View user's profile Send private message Send e-mail
Jim Cohen


From:
Philadelphia, PA
Post Posted 8 May 2017 8:48 am     Reply with quote

Jeff, thanks for that link! I think it was the Lozach method I was looking for. I'll check it out tonight in detail.
Thanks all,
Jim
_________________

www.JimCohen.com
www.BeatsWalkin.com
View user's profile Send private message Send e-mail Visit poster's website
Dan Beller-McKenna


From:
Durham, New Hampshire, USA
Post Posted 9 May 2017 6:45 am     Reply with quote

I dialed this in this morning and it is very sweet! I have been using Sid Hudson's offsets which I like quite a lot; I think this is even a little sweeter. Of course there are caveats. As mentioned in other threads, this puts you a little off pitch in open no pedals position. Enough to matter? I'll report back after rehearsal tonight. Also, my C pedal causes more cabinet drop than a or B, so I can't use the F# offered in the Lozach chart for my C pedal, have to dial it down quite a bit. Actually, I forgot to tune that change at first, and the setting left in there from the Hudson tuning sounded great. Also the open D against open F# is further out than in the Hudson tuning.

That said, the basic tuning I got from the Lozach chart was excellent.

Oh: for those like me who only have a tuner showing Herz (not cents), here is a good converter page:

http://www.sengpielaudio.com/calculator-centsratio.htm
View user's profile Send private message Send e-mail Visit poster's website
Dave Magram


From:
San Jose, California, USA
Post Posted 9 May 2017 10:32 pm     Reply with quote

Hi Jim,

Perhaps you are thinking of Larry Bell's very clever tuning method; it adjusts for each guitar's unique degree of cabinet drop.
It doesn't require a strobe tuner--any decent tuner will do fine.

I have found Larry Bell’s tuning method to work very well, since it centers around E at “440” (“straight-up” on tuner), but automatically compensates for any “cabinet drop” on your individual guitar—which no other method seems to do. Very clever, Larry!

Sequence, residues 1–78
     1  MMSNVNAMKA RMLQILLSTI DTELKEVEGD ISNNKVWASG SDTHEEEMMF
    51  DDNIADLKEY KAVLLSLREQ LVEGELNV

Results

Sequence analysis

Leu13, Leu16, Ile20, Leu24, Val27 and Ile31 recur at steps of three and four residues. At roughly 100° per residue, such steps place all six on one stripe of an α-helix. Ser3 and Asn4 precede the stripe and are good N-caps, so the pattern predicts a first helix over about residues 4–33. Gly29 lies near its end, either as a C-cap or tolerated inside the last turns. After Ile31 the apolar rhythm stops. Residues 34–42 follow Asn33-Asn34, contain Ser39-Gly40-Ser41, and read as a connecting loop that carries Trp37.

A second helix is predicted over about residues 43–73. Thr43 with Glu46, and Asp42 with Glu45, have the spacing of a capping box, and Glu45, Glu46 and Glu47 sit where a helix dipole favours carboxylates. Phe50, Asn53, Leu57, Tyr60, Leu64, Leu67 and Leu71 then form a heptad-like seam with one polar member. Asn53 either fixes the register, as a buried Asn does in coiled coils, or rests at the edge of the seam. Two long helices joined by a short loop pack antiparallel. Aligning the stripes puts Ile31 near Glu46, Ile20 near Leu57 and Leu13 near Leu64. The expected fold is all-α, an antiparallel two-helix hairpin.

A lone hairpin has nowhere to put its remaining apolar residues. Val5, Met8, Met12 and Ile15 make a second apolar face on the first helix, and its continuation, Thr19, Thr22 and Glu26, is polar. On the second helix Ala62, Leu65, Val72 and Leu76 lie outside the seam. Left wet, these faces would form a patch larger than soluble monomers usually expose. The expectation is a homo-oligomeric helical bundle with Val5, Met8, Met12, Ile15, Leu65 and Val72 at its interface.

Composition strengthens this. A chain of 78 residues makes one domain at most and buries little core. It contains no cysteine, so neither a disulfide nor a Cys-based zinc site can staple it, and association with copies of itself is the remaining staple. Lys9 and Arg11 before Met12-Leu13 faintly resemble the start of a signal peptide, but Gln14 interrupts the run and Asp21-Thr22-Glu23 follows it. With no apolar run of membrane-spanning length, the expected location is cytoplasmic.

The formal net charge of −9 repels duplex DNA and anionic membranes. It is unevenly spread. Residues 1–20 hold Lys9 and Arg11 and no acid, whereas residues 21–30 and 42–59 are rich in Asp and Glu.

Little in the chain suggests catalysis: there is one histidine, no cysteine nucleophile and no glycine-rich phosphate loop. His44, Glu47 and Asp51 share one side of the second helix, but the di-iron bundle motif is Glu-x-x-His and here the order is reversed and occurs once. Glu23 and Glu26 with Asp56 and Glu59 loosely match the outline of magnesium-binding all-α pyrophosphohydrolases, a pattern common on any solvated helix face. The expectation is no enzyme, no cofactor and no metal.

*********************************************************
PSG Tuning – Larry Bell method

1. Push your A and B pedals and release a few times, then HOLD THE A & B PEDALS DOWN (ENGAGED).
Tune the E notes to be STRAIGHT UP (0 deflection) WITH THE A and B PEDALS ENGAGED

2. Release your A and B pedals (NO PEDALS ENGAGED)
Check your E strings. They may be be 4-8 cents sharp (441-442 on the Hertz scale), depending on your guitar's degree of cabinet drop.

Here's the clever trick:
Now tune the B's the same offset as the E's; if the open E's are 4 cents sharp, tune the open B's 4 cents sharp.

Rest of instructions at: http://www.larrybell.org/id32.htm

*********************************************************
One reason why this works to well is that it maintains an accurate interval between the root (E) and the fifth (B)—and adjusts to each individual guitar to compensate for cabinet drop.

Since I have an Emmons push-pull (which is initially tuned with raises engaged), in Step 1 above I tune my A chord (A's, C#'s, and E's) with both A&B pedals down.
Then I follow Step 2 above for the B's.
After that, I check the rest of the strings as Larry describes on his website-- which is very similar to Jeff Newman’s original JI offsets based on (E= “440”).
Works great!

Thanks, Larry!

-Dave
View user's profile Send private message Send e-mail
Jim Sliff


From:
Lawndale California, USA
Post Posted 13 May 2017 11:06 am     Reply with quote

Quote:
Jim, I think this method first measured the amount of detuning of various strings due to cabinet drop when various pedals (esp A&B) were depressed, then accounted for it specifically in the offsets that you'd then program into the strobe tuner. In that way, it was customized for your own guitar.


That was (as noted above) Larry Bell's guitar-specific method. But there are "temperaments"/"Sweeteners" etc. that are tuning-speciific - down to offsets for every note achieved via a change.

I've temper tunings on literally every instrument I own - steel, 6-string, mando, uke, banjo - make a very significant difference as far a splaying "in tune". When I did sessions I'd have to adjust the basic "platform" if there was an acoustic piano present, but every other adjustment is simply "+/- cents".
_________________
No chops, but great tone
View user's profile Send private message Send e-mail Visit poster's website

All times are GMT - 8 Hours
Jump to:  

Our Online Catalog
Strings, CDs, instruction,
steel guitars & accessories

www.SteelGuitarShopper.com

Steel Guitar Music
Instrumental steel guitar CDs for your permanent collection
www.SteelGuitarMusic.com

Please review our Forum Rules and Policies

The Steel Guitar Forum
148 South Cloverdale Blvd.
Cloverdale, CA 95425 USA

Support This Forum


BIAB Styles
Ray Price Shuffles for Band-in-a-Box
by Jim Baron
HTTP